Samuel Johnson (clergyman)

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Samuel Johnson (10 October 1822 Salem, Massachusetts – 19 February 1882 North Andover, Massachusetts) was a United States clergyman and author.


Johnson graduated from Harvard in 1842, and from the Harvard Divinity School in 1846. He joined no religious denomination. Save for one year with a Unitarian church in Dorchester, Massachusetts, where he displeased his congregation by his opposition to slavery, he was not settled as a minister until 1853. In 1853, he established an independent society in Lynn, Massachusetts, with which he remained till 1870, when he withdrew to complete studies of many years, the results of which appeared later in his publications.

Literary work[edit]

With Samuel Longfellow, Johnson compiled a Book of Hymns (1846) and Hymns of the Spirit (1864). Some of his own inspiring hymns in these books are now found in the collections of various denominations. His critical study The Worship of Jesus (1868), written in accordance with his views of universal religion, is described by O. B. Frothingham as “perhaps the most penetrating and uplifting essay on that subject in any language.” He printed notable essays on religion, reform, etc., in The Radical and other periodicals.

His great series Oriental Religions included volumes on India (1872), China (1877) and Persia (1885). The volume on Persia contains an introduction and a critical estimate of Johnson by Frothingham. The series represents what Johnson himself calls his “purely humanistic point of view.” It took its place among the most learned and liberal contributions to the study of comparative religion and civilisation. His philosophy was highly transcendental; but being versed in many languages, he was acquainted with all schools, and with the results of history, literature, science and criticism in every department.

Scholars have compared his competence, patience and thoroughness in writing Oriental Religions with the same qualities in Darwin. Prof. E. J. Eitel, the German orientalist, wrote of “Johnson's pre-eminent merits as the historian of universal religion,” and F. Max Müller paid him tribute as the finder of “a religion behind all religions.”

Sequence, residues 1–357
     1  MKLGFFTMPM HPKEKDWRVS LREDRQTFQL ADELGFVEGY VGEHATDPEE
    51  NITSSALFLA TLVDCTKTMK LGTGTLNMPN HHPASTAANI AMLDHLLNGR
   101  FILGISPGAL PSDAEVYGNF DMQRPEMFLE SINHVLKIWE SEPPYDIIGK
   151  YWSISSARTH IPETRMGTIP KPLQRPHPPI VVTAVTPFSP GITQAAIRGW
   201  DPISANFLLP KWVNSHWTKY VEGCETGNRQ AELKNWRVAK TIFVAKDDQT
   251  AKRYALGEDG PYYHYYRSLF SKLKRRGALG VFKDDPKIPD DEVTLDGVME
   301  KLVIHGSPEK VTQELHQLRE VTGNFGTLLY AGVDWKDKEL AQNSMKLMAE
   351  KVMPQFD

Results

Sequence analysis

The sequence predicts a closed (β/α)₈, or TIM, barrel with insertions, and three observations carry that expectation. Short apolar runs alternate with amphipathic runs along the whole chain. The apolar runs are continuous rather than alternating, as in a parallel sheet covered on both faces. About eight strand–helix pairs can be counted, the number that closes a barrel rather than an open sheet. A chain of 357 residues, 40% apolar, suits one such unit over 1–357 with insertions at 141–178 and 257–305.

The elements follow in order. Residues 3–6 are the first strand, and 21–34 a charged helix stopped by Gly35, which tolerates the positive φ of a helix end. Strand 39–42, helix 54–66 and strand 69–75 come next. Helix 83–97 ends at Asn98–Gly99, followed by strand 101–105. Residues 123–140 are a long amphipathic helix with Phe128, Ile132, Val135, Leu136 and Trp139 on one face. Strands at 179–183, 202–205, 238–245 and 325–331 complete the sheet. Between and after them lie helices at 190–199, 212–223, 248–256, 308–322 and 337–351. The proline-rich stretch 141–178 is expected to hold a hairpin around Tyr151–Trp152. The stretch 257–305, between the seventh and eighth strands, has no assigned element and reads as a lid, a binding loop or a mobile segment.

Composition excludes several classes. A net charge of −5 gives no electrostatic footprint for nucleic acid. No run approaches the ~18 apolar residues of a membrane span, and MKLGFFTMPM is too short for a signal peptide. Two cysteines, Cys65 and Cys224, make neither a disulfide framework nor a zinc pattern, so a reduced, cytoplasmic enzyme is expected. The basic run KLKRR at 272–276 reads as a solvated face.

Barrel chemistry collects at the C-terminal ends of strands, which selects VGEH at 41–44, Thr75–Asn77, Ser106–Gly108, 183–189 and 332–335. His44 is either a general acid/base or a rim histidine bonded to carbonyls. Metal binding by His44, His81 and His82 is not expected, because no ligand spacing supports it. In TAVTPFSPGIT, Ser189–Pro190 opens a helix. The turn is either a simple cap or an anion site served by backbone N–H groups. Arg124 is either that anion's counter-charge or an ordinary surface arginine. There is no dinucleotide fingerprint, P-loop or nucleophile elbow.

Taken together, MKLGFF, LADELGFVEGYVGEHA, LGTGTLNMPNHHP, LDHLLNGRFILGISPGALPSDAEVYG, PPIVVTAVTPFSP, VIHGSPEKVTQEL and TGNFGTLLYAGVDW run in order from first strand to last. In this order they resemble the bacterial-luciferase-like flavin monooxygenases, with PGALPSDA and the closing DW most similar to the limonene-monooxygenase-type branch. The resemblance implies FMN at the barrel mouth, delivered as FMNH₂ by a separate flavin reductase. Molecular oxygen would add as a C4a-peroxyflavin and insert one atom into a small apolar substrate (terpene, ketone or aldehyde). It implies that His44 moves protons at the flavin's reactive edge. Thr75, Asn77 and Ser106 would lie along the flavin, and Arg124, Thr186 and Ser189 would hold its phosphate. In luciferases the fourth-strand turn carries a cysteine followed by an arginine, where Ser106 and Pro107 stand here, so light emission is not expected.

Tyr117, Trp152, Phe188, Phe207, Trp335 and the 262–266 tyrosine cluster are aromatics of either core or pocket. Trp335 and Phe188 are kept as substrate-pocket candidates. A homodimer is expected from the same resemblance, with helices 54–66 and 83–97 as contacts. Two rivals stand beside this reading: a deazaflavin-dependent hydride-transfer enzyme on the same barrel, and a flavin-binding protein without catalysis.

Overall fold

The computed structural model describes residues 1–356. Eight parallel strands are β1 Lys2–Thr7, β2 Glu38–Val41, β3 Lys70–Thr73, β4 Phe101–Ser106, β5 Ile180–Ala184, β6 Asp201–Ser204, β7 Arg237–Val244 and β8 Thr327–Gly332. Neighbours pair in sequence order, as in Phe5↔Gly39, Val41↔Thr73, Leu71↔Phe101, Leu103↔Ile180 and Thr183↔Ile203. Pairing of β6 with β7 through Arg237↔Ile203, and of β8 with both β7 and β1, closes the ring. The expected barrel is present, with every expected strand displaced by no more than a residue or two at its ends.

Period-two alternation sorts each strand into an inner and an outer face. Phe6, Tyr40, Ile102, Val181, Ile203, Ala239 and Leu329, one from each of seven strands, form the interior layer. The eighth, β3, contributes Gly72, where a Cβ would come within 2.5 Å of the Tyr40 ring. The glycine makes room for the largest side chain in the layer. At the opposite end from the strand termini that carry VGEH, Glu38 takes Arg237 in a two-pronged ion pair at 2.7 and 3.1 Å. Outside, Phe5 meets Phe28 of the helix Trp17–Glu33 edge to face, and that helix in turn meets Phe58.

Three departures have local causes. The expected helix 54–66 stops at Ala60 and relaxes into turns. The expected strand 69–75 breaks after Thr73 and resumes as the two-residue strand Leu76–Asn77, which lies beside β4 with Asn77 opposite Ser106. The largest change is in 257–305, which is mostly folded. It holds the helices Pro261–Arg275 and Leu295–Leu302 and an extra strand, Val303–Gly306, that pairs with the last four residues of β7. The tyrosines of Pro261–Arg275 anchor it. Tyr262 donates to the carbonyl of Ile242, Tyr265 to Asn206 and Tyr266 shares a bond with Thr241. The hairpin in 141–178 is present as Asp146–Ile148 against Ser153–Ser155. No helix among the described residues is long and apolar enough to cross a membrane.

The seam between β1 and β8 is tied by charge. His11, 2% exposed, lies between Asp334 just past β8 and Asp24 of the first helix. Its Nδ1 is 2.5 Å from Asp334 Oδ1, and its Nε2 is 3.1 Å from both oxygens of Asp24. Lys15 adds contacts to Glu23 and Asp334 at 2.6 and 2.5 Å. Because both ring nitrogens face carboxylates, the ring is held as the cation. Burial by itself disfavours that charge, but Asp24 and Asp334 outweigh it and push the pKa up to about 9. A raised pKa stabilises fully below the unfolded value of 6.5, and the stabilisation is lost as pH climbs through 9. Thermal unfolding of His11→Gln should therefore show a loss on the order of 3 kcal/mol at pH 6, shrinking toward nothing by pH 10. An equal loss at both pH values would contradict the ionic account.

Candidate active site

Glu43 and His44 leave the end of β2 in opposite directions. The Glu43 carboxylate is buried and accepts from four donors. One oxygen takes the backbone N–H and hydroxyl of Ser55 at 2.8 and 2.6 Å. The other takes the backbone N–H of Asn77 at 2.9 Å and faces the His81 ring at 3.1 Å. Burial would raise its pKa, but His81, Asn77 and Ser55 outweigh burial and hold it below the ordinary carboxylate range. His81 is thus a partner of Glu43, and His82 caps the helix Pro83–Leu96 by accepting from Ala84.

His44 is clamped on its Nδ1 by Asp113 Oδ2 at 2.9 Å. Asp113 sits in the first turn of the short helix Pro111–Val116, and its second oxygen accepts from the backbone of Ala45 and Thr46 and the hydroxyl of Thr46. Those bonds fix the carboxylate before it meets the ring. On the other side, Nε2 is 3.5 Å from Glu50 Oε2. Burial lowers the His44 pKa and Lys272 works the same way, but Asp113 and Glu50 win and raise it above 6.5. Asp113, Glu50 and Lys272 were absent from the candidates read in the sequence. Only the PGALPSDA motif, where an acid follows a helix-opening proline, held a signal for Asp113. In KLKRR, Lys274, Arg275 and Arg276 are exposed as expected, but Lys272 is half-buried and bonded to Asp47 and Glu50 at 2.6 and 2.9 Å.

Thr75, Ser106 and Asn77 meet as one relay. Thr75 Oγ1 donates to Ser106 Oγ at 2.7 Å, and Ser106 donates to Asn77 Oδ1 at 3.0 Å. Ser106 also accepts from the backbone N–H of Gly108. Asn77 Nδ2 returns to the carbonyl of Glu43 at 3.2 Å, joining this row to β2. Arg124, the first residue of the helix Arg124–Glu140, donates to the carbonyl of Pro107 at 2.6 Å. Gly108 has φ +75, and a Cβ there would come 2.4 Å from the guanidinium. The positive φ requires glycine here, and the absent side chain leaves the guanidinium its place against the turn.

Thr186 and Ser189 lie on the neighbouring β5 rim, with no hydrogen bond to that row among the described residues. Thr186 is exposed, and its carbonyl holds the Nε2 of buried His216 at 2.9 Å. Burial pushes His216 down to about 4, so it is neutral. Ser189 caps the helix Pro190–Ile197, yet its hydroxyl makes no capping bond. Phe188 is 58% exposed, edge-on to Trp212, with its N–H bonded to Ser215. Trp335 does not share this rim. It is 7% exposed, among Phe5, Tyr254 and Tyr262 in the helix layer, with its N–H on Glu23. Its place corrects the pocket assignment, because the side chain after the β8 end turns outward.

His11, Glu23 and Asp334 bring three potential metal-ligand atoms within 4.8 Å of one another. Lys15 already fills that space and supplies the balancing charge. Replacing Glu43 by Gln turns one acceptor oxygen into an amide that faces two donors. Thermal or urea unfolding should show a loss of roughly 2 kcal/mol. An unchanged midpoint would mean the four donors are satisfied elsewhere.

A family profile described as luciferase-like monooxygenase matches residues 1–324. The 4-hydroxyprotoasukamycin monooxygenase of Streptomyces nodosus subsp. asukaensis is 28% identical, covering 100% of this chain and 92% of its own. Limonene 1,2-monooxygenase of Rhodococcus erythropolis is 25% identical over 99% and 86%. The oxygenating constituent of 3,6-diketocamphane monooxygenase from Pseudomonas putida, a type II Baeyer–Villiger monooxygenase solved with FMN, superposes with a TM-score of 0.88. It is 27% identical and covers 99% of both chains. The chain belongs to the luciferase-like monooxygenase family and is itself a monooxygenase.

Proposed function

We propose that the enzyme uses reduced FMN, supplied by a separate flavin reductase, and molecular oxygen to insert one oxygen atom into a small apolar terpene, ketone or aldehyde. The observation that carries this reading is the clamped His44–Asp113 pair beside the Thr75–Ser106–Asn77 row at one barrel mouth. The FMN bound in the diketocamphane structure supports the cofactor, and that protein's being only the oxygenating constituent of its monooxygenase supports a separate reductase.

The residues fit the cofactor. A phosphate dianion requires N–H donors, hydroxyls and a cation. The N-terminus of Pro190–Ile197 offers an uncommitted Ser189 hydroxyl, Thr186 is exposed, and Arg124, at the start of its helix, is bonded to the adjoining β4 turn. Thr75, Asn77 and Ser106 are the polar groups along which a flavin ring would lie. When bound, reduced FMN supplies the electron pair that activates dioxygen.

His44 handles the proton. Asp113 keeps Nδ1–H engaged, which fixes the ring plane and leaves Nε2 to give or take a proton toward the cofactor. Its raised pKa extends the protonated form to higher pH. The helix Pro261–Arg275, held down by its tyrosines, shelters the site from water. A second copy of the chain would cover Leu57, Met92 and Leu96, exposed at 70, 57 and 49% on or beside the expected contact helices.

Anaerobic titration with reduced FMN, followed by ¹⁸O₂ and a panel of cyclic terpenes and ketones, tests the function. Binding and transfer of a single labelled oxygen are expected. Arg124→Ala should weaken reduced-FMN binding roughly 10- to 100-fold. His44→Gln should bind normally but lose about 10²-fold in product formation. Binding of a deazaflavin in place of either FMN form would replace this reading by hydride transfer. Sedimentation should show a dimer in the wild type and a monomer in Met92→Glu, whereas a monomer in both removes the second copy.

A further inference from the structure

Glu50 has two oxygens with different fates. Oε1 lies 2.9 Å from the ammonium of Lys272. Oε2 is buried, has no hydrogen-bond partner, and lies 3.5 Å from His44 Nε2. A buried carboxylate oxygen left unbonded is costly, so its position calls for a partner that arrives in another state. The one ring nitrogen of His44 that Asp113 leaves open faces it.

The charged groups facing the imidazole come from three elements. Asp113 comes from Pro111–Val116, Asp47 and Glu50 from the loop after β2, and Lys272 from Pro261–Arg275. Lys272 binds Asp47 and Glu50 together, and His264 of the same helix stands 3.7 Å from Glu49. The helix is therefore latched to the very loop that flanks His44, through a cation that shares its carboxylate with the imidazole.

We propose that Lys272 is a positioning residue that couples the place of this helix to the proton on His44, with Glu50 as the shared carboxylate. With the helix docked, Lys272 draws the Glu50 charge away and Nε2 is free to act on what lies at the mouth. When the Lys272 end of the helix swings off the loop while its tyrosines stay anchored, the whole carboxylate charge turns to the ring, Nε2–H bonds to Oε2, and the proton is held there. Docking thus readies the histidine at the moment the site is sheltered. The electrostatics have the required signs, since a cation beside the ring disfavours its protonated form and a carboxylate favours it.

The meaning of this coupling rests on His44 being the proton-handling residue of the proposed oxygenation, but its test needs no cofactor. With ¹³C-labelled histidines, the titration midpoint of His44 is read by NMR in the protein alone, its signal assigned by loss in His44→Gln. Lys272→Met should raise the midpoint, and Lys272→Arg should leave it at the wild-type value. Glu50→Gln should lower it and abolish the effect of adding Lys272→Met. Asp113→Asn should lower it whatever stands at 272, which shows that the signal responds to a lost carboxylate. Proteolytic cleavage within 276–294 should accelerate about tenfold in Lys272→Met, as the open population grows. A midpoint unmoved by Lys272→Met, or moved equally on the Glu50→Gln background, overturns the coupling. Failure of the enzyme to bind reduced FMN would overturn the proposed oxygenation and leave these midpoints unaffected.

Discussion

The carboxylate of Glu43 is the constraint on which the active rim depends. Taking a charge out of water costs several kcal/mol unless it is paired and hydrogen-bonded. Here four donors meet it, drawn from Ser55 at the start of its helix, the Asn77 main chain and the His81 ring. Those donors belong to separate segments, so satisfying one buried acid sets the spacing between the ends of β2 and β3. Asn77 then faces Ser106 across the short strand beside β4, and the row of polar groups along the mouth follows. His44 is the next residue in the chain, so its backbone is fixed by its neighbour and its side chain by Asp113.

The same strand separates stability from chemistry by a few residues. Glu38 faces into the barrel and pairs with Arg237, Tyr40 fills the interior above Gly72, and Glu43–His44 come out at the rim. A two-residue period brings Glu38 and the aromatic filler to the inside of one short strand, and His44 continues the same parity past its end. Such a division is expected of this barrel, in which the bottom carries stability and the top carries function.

Johnson's Theodore Parker (1890) is a profoundly spiritual interpretation of that preacher and reformer, whose work on the intellectual side was surpassed by Johnson's, while on the moral side, as in the anti-slavery conflict, they stood as equal comrades. A little volume of Johnson's hymns, with other poems, was published in 1899.


  • Wikisource-logo.svg Rines, George Edwin, ed. (1920). "Johnson, Samuel (preacher)" . Encyclopedia Americana.
  • Wikisource-logo.svg Gilman, D. C.; Peck, H. T.; Colby, F. M., eds. (1905). "Johnson, Samuel (clergyman)" . New International Encyclopedia (1st ed.). New York: Dodd, Mead.

Further reading[edit]

  • Samuel Longfellow, Lectures, Essays and Sermons by Samuel Johnson, with a Memoir (Boston, 1883). This book contains some of Johnson's best papers, including lectures on “Switzerland” and “Florence,” the outgrowth of searching observations in Europe, “Equal Opportunity for Woman,” “Labor Parties and Labor Reform,” and an essay on “Transcendentalism.”

External links[edit]